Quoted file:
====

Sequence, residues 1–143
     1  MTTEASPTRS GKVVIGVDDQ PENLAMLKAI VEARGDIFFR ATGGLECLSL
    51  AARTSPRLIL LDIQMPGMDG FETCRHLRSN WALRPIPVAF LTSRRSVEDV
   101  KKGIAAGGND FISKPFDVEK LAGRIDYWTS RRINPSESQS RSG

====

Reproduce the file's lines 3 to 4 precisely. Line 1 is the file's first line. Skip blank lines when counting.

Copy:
    51  AARTSPRLIL LDIQMPGMDG FETCRHLRSN WALRPIPVAF LTSRRSVEDV
   101  KKGIAAGGND FISKPFDVEK LAGRIDYWTS RRINPSESQS RSG